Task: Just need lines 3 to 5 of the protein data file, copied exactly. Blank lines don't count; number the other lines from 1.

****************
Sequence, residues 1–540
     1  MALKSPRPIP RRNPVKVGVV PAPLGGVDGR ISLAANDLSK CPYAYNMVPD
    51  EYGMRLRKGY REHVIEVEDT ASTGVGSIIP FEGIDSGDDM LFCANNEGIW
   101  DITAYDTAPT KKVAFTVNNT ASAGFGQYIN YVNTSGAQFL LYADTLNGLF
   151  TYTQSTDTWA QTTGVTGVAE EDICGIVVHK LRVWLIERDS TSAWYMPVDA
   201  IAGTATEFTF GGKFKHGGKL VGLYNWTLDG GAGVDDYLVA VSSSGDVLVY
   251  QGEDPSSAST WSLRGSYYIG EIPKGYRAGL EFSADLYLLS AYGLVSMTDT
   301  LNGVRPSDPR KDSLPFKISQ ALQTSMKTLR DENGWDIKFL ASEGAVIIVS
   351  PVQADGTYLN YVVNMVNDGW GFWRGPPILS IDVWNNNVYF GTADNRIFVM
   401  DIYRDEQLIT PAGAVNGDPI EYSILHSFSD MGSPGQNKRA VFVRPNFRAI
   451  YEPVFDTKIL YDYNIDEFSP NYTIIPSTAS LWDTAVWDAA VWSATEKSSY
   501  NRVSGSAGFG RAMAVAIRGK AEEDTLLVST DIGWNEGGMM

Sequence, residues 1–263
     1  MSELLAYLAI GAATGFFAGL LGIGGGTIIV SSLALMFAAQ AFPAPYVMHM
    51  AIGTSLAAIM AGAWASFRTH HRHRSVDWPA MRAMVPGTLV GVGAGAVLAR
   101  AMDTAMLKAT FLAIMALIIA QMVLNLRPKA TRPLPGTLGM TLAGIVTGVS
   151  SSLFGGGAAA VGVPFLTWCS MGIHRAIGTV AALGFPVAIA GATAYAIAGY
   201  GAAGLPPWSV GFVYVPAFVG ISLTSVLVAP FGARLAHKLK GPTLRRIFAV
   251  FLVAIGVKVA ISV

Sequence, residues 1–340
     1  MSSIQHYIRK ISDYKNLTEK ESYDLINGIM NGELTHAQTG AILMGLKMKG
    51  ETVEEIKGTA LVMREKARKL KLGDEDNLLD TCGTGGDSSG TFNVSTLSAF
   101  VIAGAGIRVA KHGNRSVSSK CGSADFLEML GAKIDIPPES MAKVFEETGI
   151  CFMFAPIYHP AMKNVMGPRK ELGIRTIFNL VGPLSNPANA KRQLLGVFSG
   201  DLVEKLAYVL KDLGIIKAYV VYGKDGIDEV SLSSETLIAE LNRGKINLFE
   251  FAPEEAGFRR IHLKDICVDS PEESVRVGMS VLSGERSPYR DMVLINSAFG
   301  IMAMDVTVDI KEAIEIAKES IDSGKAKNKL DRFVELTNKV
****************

    51  EYGMRLRKGY REHVIEVEDT ASTGVGSIIP FEGIDSGDDM LFCANNEGIW
   101  DITAYDTAPT KKVAFTVNNT ASAGFGQYIN YVNTSGAQFL LYADTLNGLF
   151  TYTQSTDTWA QTTGVTGVAE EDICGIVVHK LRVWLIERDS TSAWYMPVDA